How can you control this? It turns out foxes do the job quite nicely! And they do it remarkably well: not just by eating mice, but by scaring mice so they spend more time in their burrows!
It is August, the month when a new generation of black-legged ticks that transmit Lyme and other diseases are hatching. On forest floors, suburban estates and urban parks, they are looking for their first blood meal. And very often, in the large swaths of North America and Europe where tick-borne disease is on the rise, they are feeding on the ubiquitous white-footed mice and other small mammals notorious for harboring pathogens that sicken humans.So, let's try to bring back foxes to the forests of the US! Besides, they're cool in their own right.
But it doesn't have to be that way. A new study suggests that the rise in tick-borne disease may be tied to a dearth of traditional mouse predators, whose presence might otherwise send mice scurrying into their burrows. If mice were scarcer, larval ticks, which are always born uninfected, might feed on other mammals and bird species that do not carry germs harmful to humans. Or they could simply fail to find that first meal. Ticks need three meals to reproduce; humans are at risk of contracting diseases only from ticks that have previously fed on infected hosts.
For the study, Tim R. Hofmeester, then a graduate student at Wageningen University in the Netherlands and the lead researcher of the study, placed cameras in 20 plots across the Dutch countryside to measure the activity of foxes and stone martens, key predators of mice. Some were in protected areas, others were in places where foxes are heavily hunted.
Over two years, he also trapped hundreds of mice — and voles, another small mammal — in the same plots, counted how many ticks were on them, and tested the ticks for infection with Lyme and two other disease-causing bacteria. To capture additional ticks, he dragged a blanket across the ground.
In the plots where predator activity was higher, he found only 10 to 20 percent as many newly hatched ticks on the mice. Thus, there would be fewer ticks to pass along pathogens to next generation of mice. In the study, the density of infected "nymphs," as the adolescent ticks are called, was at 15 percent of levels in areas where foxes and stone martens were less active.
"The predators appear to break the cycle of infection," said Dr. Hofmeester, who earned his Ph.D. after the study.
Despite stuffing his pant legs into his socks and using permethrin, a tick repellent, he said he removed more than 100 ticks from his own body.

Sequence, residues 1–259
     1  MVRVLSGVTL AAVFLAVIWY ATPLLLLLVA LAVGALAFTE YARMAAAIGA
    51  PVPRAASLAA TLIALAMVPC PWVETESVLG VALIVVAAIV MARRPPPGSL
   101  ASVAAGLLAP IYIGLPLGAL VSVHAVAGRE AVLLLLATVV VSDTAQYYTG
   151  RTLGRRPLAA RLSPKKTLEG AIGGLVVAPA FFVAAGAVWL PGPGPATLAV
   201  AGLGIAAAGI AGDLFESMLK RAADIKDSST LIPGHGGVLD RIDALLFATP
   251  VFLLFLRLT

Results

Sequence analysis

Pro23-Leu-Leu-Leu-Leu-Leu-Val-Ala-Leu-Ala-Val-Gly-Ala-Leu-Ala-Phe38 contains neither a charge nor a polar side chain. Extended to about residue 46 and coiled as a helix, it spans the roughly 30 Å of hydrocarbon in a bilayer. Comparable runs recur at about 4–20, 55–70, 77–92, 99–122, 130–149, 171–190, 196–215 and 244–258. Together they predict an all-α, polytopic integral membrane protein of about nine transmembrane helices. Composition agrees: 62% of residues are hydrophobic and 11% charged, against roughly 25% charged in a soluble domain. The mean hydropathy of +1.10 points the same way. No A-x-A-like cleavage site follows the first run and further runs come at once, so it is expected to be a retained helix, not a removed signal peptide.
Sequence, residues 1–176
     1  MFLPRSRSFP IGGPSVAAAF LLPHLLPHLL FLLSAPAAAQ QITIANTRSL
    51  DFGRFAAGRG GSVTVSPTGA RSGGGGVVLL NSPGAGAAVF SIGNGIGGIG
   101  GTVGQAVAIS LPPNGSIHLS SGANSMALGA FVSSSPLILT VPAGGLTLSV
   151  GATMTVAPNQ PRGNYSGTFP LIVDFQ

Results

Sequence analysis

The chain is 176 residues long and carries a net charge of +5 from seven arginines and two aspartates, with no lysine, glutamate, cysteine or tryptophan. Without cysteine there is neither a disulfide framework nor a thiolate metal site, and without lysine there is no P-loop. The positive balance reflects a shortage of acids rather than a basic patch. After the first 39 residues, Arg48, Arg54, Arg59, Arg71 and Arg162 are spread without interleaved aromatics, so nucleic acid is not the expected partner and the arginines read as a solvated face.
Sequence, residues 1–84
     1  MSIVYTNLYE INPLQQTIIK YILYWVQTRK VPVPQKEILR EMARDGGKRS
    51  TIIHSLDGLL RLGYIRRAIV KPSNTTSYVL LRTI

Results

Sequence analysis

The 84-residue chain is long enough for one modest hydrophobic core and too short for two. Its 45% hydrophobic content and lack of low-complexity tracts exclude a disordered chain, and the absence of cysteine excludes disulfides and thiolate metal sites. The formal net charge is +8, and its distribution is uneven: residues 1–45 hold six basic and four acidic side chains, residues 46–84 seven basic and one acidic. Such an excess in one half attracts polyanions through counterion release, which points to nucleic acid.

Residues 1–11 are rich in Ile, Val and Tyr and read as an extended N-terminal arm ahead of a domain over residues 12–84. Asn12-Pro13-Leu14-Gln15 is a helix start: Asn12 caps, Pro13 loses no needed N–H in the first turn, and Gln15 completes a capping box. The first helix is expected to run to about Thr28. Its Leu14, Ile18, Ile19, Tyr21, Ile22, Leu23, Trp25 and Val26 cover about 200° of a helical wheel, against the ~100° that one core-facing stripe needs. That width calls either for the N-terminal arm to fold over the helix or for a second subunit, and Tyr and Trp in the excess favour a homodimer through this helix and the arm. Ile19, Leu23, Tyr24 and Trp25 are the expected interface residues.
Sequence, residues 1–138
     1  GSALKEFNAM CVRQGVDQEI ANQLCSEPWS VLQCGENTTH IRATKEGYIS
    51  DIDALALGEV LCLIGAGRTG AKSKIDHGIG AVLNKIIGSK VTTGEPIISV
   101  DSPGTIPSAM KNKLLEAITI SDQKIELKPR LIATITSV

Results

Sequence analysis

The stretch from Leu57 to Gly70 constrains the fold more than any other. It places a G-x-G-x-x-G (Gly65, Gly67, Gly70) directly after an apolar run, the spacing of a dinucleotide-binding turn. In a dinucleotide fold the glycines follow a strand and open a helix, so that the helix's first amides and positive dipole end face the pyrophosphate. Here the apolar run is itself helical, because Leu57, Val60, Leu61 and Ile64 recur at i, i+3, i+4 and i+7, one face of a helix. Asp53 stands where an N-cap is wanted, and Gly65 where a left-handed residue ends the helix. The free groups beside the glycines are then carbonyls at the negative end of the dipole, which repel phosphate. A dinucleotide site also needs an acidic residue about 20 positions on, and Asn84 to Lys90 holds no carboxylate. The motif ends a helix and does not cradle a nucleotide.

Interestingly, the predator activity in Dr. Hofmeester's plots did not decrease the density of the mouse population itself, as some ecologists had theorized it might. Instead, the lower rates of infected ticks, Dr. Hofmeester suggested in the paper, published in Proceedings of the Royal Society B, may be the result of small mammals curtailing their own movement when predators are around.
"This is the first paper to empirically show that predators are good for your health with respect to tick-borne pathogens," said Dr. Taal Levi, an ecologist at Oregon State University who was not involved in the study. "We've had the theory but this kind of field work is really hard and takes years." He also said of Dr. Hofmeester, "Wow, I have to send him an email."
Habitat fragmentation, hunting and the removal of larger predators like cougars may all figure into the dwindling of small mammal predators like foxes, weasels, fishers and martens, Dr. Levi said. If the study's results are borne out by more research, public health officials might be moved to try interventions like protecting foxes or factoring the habitat needs of particular predators into land-use decisions to foster their population size. Nothing else — like culling deer or spraying lawns with tick-killing pesticide — has worked so far to stem the incidence of tick-borne disease, which is spreading in the Midwestern United States, in parts of Canada and at higher altitudes across Europe.
"The takeaway is, we shouldn't underestimate the role predators can play in reducing Lyme disease risk," said Richard S. Ostfeld, a senior scientist at the Cary Institute of Ecosystem Studies, who originally speculated on the importance of small mammal predators in a 2004 paper. "Let's not discount these cryptic interactions that we don't see very often unless we put camera traps in the woods."
The first quote was from here:
The second is from here:
Back in the 1500's, people on long sea journeys navigated using the stars. They needed big tables of trig functions to do this!
These tables were made by astronomers. Those folks did thousands of calculations. Often they needed to multiply large numbers! That was tiring... but around 1580, they figured out a clever way to approximately multiply large numbers using tables of trig functions.
Here's an example:
Say you want to multiply 105 and 720. You do this:
Puzzle. Why is it close?
For a nice answer, see Chris Greene's comment on my G+ post.
This wacky-sounding method has a wacky-sounding name: it's called prosthaphaeresis.
Tables of logarithms are easier. To multiply two numbers you just look up their logs, add them, and then look up the number whose log is that! But logs were invented only later, in 1614.
So for a while, prosthaphaeresis was the way to go!
And Napier, the guy who invented logs, did it after studying this earlier method.
It goes to show: a clunky way of doing something is often the first step toward something less clunky. You can't be slick right away!